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In Garden City, Easter Sunday is ‘opening day’ for vintage car enthusiasts

Julia Noulis, of Ridge, puts on makeup in

Julia Noulis, of Ridge, puts on makeup in the back of her son Chris' 1975 Buick during the 58th Annual Easter Sunday Vintage Car Parade, presented by the Garden City Chamber of Commerce on Sunday. (March 31, 2013) Photo Credit: Barry Sloan

If there was a “Queen of Easter” at the 58th annual Vintage Car and Parade Show in Garden City, Julie Noulis might be it.

Instead of a crown, the 84-year-old Ridge resident wore her signature handmade bonnet, which features plastic eggs, fake flowers and nine stuffed toy bunnies.

Noulis turned heads with her 12-inch-high headpiece Sunday as she rode in her son’s 1975 Buick Lesabre convertible for the 58th annual vintage car parade.

“I love my son’s car, I love riding in it, and I love going through the streets,” said Noulis, who tossed stuffed toy bunnies to kids along the parade route. “I love seeing the look on their little faces.”

Julia’s son, Chris Noulis, 50, of Nesconset, joked, “She thinks she’s the queen of the show.”

Noulis, who owns six classic vehicles, was one of the hundreds of collectors who displayed vehicles in this year’s show, which is sponsored by the Garden City Chamber of Commerce. He arrived around 9 a.m. to secure a good spot in the large parking lot along Franklin Avenue, where the cars were exhibited for most of the morning and early afternoon. Then, at 1 p.m. nearly 1,000 people gathered on Franklin and Seventh Street to watch the automobiles make their way down the parade route. The driver’s revved the engines, sounded the horns and tossed candy to the kids.

“I love all the colors of the old cars,” said Linda Sardone, of West Hempstead, who has been coming to the parade with her husband, John, for more than 10 years. “Each one is so unique. It’s very enjoyable.”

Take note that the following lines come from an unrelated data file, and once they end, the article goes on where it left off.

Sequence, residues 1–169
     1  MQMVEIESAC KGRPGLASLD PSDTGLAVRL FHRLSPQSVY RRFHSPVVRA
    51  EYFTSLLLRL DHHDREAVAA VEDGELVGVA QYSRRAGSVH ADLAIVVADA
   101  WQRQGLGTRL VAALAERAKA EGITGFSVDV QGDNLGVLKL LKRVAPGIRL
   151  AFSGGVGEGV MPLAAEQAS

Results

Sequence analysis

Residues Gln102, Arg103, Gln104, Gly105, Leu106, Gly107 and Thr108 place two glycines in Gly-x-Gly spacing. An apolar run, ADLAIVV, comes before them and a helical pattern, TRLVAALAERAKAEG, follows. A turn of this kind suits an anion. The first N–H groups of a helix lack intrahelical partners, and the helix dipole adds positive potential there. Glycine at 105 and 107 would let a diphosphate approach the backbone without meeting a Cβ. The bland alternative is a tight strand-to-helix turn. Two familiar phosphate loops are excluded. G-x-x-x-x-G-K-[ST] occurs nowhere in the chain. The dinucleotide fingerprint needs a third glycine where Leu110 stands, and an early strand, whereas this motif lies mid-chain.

Some of the drivers dressed in period clothes to match their cars. Others wore Easter bonnets or bunny ears. Then, there was Karen Horowitz, of East Northport, who dressed up all three of her dogs, which rode with her and her husband, Michael, inside her 1972 Buick convertible.

“This is the first time she’s out for the winter,” said Horowitz of her car.

That was the case for many of the vehicles in the parade, as the Garden City show is considered “opening day” for Long Island car enthusiasts.

“It’s the first show of the year. Everything is coming out of hibernation,” said Rusty Becker, 56, of Glen Head. “You see a huge cross section, tons and tons of cars you don’t see many other places, and the fact that you get to drive through the crowd is great.”

Becker recalled attending the Easter car show in Garden City with his father when he was a child. Back then, the show consisted of only about a dozen cars parked on the lawn of the Garden City hotel.

On Sunday, Becker’s grandsons -- Ethan Dember, 8, and Gavin Dember, 5, of Cliffwood, N.J. -- rode in the 1951 Chevy half-ton pick-up truck that he restored along with his wife, Debbie Dugan, 51.

“This is the first one we ever actually took all the way apart … down to the last nut and bolt, and rebuilt,” he said. “I would never sell this car. We’ll have this until I’m too old to work the clutch, and then we’ll make a lawn ornament out of it.”

The parade has also been a part of Garden City native Colin Stewart’s Easter Sunday for as long as he can remember. It was a tradition he passed on to his two children -- Mary, 4, and Finn, 2 -- who were both jumping up and down with excitement as the vehicles drove by.

“Any type of parade they love,” added Stewart, 39. “Mary loves to get dressed up, no matter what the occasion and … Finn loves cars. That’s what he’s all about.”

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